There is something in the air today – a no-going-back-to-winter thyme-damp smell of approaching green. The skies seem to have cried their last and we breathe in the scent of relaxation in our morning nest of skin, Egyptian cotton and fur. On descending for coffee, the alluring display of our Californian guest’s dinky red lace G-strings hanging to dry promotes some initial insecurity on my part and Julian assures me (of, I have to admit it, BIG pants comfort) that it is skin and white cotton that he prefers.
It seems, now that the breeze is touching ours at last, skin is in the air. Yesterday we went with our elegantly lingeried friend to our favourite wine-merchant – Goubert - to stock up on our favourite whites – Cuvée ‘V’ 100% viognier, and ‘Favoris’- 50% Viognier and 50% Roussane. We fell, naturally, for the free apéro called ‘dégustation’ and, informing us it was her last day, Madame Cartier’s assistant was very generous in her servings. While she was pouring, starting on the reds with the Sablet, moving through the Beaumes de Venise and to the Gigondas, culminating in the Queen of Reds – Cuvée Florence named after their daughter, she did a fine impression of Julian’s English pronunciation:
“Koovay Vee!!!!!” she tittered.
The proprietors joined us, inviting us into the back for a more intimate ‘continuation’, shyly explaining that it wasn’t as glamorous as the Californian vineyards our friend was used to.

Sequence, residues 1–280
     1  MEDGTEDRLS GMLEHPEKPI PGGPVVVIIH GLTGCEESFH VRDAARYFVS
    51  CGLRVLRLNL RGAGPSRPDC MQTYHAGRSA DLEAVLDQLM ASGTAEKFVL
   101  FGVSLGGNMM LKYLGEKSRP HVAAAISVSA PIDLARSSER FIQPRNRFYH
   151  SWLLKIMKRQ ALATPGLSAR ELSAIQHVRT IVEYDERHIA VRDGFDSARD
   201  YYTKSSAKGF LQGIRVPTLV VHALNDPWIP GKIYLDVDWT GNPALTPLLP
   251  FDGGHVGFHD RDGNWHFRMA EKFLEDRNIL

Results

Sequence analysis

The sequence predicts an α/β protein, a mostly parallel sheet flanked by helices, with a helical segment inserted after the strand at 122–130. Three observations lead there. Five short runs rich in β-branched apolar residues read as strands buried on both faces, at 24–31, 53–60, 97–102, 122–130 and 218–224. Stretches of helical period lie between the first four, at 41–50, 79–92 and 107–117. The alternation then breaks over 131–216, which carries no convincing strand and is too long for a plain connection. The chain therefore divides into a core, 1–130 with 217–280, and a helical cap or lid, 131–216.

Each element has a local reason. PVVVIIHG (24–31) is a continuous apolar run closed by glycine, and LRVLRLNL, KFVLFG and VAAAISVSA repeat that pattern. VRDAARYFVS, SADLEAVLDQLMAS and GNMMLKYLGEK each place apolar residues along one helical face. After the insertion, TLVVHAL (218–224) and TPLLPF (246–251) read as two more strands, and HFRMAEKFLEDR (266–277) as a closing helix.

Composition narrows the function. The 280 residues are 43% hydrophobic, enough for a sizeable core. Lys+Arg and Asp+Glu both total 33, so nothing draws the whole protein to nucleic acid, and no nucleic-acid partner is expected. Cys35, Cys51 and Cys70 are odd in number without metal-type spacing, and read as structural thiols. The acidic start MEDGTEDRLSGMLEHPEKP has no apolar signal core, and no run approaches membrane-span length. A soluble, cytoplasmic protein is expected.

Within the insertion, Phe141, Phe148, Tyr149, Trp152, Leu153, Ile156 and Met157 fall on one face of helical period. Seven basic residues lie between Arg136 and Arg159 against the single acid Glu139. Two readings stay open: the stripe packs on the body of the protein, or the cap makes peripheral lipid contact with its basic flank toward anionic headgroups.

“We have never been to California. We would love to go and see Sonoma and Napa, but we do not have the time – or the ‘les moyens’”. I said how much more I enjoyed the wine here, and particularly the less commercial approach. For a start you don’t, in general, have to pay for tastings. “Yes”, Madame Cartier agreed “We are more ‘terroir’ here. Florence went to California this year. She liked it, but you know, ‘comme ça’…”
Somehow, I think it was more the lack of time than means that prevented their crossing the Atlantic to see how the other side did it.
We moved on, via art and music (They have a friend that plays the harpsichord and wondered if J ever painted pastels of flowers to give their friend on her birthday) to corks. Monsieur Cartier, his peasant face now sharply defined and animated, explained to us the magic of the cork: “ The plastic is fine for young wines, that you do not have to lay down, but the cork allows the wine to breathe just enough and therefore evolve. Nowadays, with everyone in apartments, no-one has space to lay their wines down and therefore most wines are made to drink young.”
The knowledgable middle aged assistant slipped away, leaving her young blonde replacement who knew nothing about wine but whose social charges were surely less.
We left, with our gifted bottle of Cuvée ‘V’ and Madame saying “It goes beautifully with asparagus! My peonies are out now so the asparagus should be here soon!”. And so the thread of the debate between the hermetically sealed and the breathing skin continues through our wine drinking, as it will through our renovation (starting as soon as the dancing hemp builder receives the inspiration) and perhaps even our choice of underwear.